Click here to download entire memo

 

Office of Management and Budget (OMB) issued the following Notices of Proposed Rule Making (NPRM) regarding RIN 0938-AT85:

 

To stay up to date regarding any changes with LMSA Regulations/Guidance, please visit Medivest’s blogs::

 

Take Aways:

  • Considering Medicare’s interests in any settlement with some type of analysis regarding the protection of those interests has become the industry standard  for all NGHP settlement types – liability, self-insurance, No Fault, and Workers’ Compensation.
  • Whether the announced guidance comes out soon or not, doesn’t it make sense to help ensure that Medicare’s future interests are considered and protected in accordance with existing federal law – i.e. the MSP?
  • Helping to ensure that Medicare is not prematurely billed for injury related future Medicare covered medicals for any settlement type is the right thing to do and helps protect the Medicare Trust Funds.

 

Medivest will continue to monitor the OMB website for any NPRM updates in order to keep you informed.  Count on Medivest to help guide you through some of the complexities associated with MSP compliance.

* Medicare has two Trust Funds. One for Part A that covers hospital insurance for the aged and disabled and one for both Part B that mainly covers doctors’ visits and Part D that covers prescription medications, for the same population of Medicare enrollees. It was announced in June 2018 that the Part A Hospital Insurance (HI) Trust Fund is projected to be depleted in 2026, three years earlier than predicted just a year ago. The Part B and D Trust Fund is not as bad off due to a financing system with yearly resets for premium and general revenue income and is projected to have adequate funding for the next ten years and beyond.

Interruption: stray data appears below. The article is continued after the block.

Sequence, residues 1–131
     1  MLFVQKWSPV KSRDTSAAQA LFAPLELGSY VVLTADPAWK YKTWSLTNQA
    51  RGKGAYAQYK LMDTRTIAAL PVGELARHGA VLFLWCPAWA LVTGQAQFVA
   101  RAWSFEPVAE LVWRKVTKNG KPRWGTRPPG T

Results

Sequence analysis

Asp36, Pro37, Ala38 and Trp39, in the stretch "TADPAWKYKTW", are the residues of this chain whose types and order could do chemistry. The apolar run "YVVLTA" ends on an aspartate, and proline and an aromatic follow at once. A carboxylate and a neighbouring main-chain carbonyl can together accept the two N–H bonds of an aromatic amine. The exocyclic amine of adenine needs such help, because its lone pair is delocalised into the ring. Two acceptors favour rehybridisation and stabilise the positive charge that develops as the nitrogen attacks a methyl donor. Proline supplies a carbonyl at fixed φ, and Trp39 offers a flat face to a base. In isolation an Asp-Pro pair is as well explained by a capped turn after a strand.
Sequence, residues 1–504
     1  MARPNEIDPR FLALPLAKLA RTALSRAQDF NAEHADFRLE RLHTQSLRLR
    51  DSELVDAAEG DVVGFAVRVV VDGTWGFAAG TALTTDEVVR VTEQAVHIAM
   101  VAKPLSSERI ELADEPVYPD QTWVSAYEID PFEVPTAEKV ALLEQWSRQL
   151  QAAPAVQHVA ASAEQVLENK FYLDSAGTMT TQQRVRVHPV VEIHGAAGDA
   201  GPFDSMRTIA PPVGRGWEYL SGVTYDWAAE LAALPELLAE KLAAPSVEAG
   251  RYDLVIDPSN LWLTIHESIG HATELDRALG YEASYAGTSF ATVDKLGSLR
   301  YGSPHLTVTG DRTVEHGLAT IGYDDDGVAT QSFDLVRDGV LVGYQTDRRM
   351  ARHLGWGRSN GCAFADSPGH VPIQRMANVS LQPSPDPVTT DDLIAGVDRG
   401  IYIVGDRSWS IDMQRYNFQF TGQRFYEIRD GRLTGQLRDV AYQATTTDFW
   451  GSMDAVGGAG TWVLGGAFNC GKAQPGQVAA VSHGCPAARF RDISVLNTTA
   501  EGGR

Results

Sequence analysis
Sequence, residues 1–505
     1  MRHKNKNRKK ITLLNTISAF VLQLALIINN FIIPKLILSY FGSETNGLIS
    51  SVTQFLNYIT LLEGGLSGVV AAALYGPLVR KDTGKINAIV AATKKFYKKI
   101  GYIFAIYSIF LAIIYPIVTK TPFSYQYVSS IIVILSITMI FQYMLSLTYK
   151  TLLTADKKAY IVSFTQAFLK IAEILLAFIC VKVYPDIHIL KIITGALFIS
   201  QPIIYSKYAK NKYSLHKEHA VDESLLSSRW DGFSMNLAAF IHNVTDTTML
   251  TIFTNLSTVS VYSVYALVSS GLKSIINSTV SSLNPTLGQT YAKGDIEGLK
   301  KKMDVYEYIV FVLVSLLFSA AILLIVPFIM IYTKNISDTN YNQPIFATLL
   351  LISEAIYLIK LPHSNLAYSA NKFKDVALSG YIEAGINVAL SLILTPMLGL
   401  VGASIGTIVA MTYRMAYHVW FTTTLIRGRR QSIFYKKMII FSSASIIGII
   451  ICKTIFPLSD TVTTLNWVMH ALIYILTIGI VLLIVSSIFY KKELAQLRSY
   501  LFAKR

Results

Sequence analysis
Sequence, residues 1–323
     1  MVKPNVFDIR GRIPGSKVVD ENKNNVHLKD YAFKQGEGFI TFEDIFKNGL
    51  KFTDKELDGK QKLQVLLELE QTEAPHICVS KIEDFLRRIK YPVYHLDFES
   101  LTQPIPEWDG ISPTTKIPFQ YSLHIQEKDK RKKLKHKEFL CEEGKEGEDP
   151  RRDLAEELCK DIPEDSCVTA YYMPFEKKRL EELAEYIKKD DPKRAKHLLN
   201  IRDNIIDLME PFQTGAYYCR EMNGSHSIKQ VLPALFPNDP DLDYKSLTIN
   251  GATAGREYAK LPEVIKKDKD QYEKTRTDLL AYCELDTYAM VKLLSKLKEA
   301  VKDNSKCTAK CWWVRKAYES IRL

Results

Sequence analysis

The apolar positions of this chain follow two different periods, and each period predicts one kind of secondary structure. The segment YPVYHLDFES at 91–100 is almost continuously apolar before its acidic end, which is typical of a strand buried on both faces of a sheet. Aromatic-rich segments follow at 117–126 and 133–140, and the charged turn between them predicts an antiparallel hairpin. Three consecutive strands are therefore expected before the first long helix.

Total Medicare expenditures were reported to be $710 billion in 2017. Medicare expenditures were projected to increase at a faster pace than either aggregate workers’ earnings or the economy, and to increase from approximately 3.7 percent in 2017 to between 6.2 percent and 8.9 percent as a percentage of Gross Domestic Product (GDP) by 2029, causing substantial strain on our nation’s workers, the economy, Medicare beneficiaries, and the Federal budget.

A 2018 Annual Report of the Boards of Trustees of the two Medicare Trust Funds recommended a legislative response [2] to help protect the Part A Trust Fund. However, instead of waiting years for Congress to act, if parties to third party or workers’ compensation settlements involving Medicare beneficiaries [3], proactively address both past and future interests of Medicare, that could help slow Medicare Trust Fund depletion, in line with the above-described intent of the MSP.

 


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19/Dec/2020

The Centers for Medicare & Medicaid Services provided an alert on November 25, 2020 that it reviewed the costs related to collecting Medicare’s conditional payments and compared the cost to CMS recovery amounts, and decided to leave the threshold for physical trauma-based liability insurance settlements (including self-insurance settlements) at $750.  Additionally, CMS indicated it will keep the $750 threshold for No-Fault insurance and Workers’ Compensation settlements, where the No-Fault insurer or Workers’ Compensation entity does not otherwise have ongoing responsibility for medicals (ORM).  Otherwise, once ORM reaches $750 for either No Fault or Workers’ Compensation plan claims, those payments need to be reported for Medicare beneficiaries via Section 111 Reporting.  These described reporting thresholds do not apply to settlements for alleged ingestion, implantation, or exposure cases.

Take Aways:

Those settlements falling under any of the above described categories of insurance or self-insurance commonly referred to as Non-Group Health Plans (NGHP) will not need to be reported under the Medicare Secondary Payer Act (MSP) via Section 111 and will also not be subject to recovery claims by Medicare under the MSP.  https://www.medivest.com/update-on-medicare-conditional-payment-enforcement-actions/ 

See this web link for the CMS Alert regarding these NGHP reporting thresholds:  https://www.cms.gov/files/document/2021-recovery-thresholds-certain-liability-insurance-no-fault-insurance-and-workers-compensation.pdf